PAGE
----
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Caldera chronicles: Yellowstone Lake sediment reveals huge hydrothermal explosions

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Hydrothermal explosions, unrelated to magmatic eruptions but rather to water flashing to steam in a confined area, have emerged as one of the most important and least understood geologic hazards in Yellowstone National Park and similar volcanic and hydrothermal terrains worldwide. Hydrothermal explosions require a sudden drop in pressure, which causes rapid expansion of high-temperature fluids, fragmentation, ejection of debris and crater formation. The northern Yellowstone Lake area is a locus of numerous past hydrothermal explosions and is an ideal natural laboratory for detailed research into the timing and triggering mechanisms of these poorly understood hazards.

A sediment-coring campaign was conducted in Yellowstone Lake to better understand the frequency, distribution, and causes of hydrothermal explosions over the last 14,000 years. These cores provide a basis for understanding hydrothermal explosion deposits in sedimentary sequences on the bottom of the lake and supplement recent and ongoing research on hydrothermal fluid systems venting on the lake floor, some of which are among the hottest hydrothermal vents in all of Yellowstone National Park.

The northeastern area of Yellowstone Lake has an abundance of large (1,640–8,200 feet in diameter) explosion craters — the greatest concentration of such features anywhere in Yellowstone National Park. In fact, the northern Yellowstone Lake area hosts the three largest hydrothermal explosion craters known on Earth.

Located there are the partially submerged 13,000-year-old Mary Bay explosion crater (over 1.6 miles in diameter), the 9,400-year-old Turbid Lake explosion crater (1 mile in diameter), the ~8,000-year-old Elliott’s Crater (more than 0.4 miles in diameter) on the lake bottom and the 2,900-year-old Indian Pond explosion crater (about 0.3 miles in diameter). Deposits of explosion breccia preserved around the craters on land are distinct from the surrounding geology because they reflect the subsurface geology below the craters.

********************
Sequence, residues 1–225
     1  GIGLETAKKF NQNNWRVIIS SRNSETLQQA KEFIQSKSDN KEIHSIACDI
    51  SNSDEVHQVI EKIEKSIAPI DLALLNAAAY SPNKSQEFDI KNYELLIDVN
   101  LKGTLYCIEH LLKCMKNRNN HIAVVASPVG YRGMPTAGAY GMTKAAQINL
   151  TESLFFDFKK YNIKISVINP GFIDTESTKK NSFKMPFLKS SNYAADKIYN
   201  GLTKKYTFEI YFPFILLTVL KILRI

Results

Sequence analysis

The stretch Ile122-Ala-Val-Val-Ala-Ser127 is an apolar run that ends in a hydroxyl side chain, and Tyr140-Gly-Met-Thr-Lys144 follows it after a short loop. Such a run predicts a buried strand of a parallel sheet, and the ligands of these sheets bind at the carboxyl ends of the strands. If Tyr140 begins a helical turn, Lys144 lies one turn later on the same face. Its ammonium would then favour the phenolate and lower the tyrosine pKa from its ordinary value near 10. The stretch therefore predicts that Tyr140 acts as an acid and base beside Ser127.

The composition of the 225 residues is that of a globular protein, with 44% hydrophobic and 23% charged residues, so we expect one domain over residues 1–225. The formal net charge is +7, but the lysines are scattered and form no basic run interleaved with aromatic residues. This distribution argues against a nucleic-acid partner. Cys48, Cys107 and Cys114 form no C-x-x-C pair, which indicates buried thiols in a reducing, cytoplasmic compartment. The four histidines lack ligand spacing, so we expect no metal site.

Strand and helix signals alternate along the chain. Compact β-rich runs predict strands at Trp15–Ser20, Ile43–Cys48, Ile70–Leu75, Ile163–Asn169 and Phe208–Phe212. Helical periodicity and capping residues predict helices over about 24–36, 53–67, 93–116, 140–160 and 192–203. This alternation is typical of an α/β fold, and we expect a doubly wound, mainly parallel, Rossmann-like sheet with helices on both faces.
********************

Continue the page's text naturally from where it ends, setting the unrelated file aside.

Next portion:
As part of the recent multidisciplinary project “Hydrothermal Dynamics of Yellowstone Lake” (, cores were collected from the lake floor to identify and map hydrothermal explosion deposits in the lake basin and to document past hydrothermal activity in Yellowstone Lake. A recent study published in Geological Society of America Bulletin ( details geological and geochemical studies of 18 cores from Yellowstone Lake, in which 16 hydrothermal explosion events ranging in age from about 13,000 years ago to about 1860 CE were identified. These results provide the first detailed investigation of the age, characteristics, and origin of multiple hydrothermal explosion deposits from Yellowstone Lake. New age-constraint data on these deposits provide a four-dimensional view of recent geologic activity since the end of the most recent glaciation about 15,000 years ago.

The research also revealed that two distinct types of hydrothermal systems produce hydrothermal explosions in Yellowstone Lake: 1) neutral- or alkaline-chloride fluids, like those that characterize Upper Geyser Basin near Old Faithful, that can flash to steam under decompression, producing the largest explosions in terms of energy, volume and crater size, and 2) vapor-expansion explosions in vapor-dominated thermal areas, similar to that at Mud Volcano on land, that produce smaller, but possibly more frequent, explosion events.

The two largest explosion events identified in sediment cores from Yellowstone Lake were triggered quite differently. The Elliott’s Crater explosion resulted from a major seismic event about 8,000 years ago that ruptured a hydrothermal dome, whereas the Mary Bay explosion about 13,000 years ago was triggered by a sudden drop (about 45 feet) in lake level, probably initiated by a large earthquake on the lake floor. The resulting local tsunami would have caused significant erosion of the lake’s outlet, triggering rapid fluctuations in lake level. The changes in pressure on the hydrothermal system caused by the lake-level variations could have been sufficient to allow sudden steam generation in the Mary Bay hydrothermal system, triggering the explosion.

A key outcome of the new research is the general relation between the composition of hydrothermal fluids and the magnitude of explosions, with the alkaline-chloride areas producing much larger explosions than the vapor-dominated systems. This new information provides important insights into hazards associated with any future hydrothermal explosions in Yellowstone.

Yellowstone Caldera Chronicles is a weekly column written by scientists and collaborators of the Yellowstone Volcano Observatory. This week’s contribution is from Lisa Morgan, emeritus research geologist with the U.S. Geological Survey.


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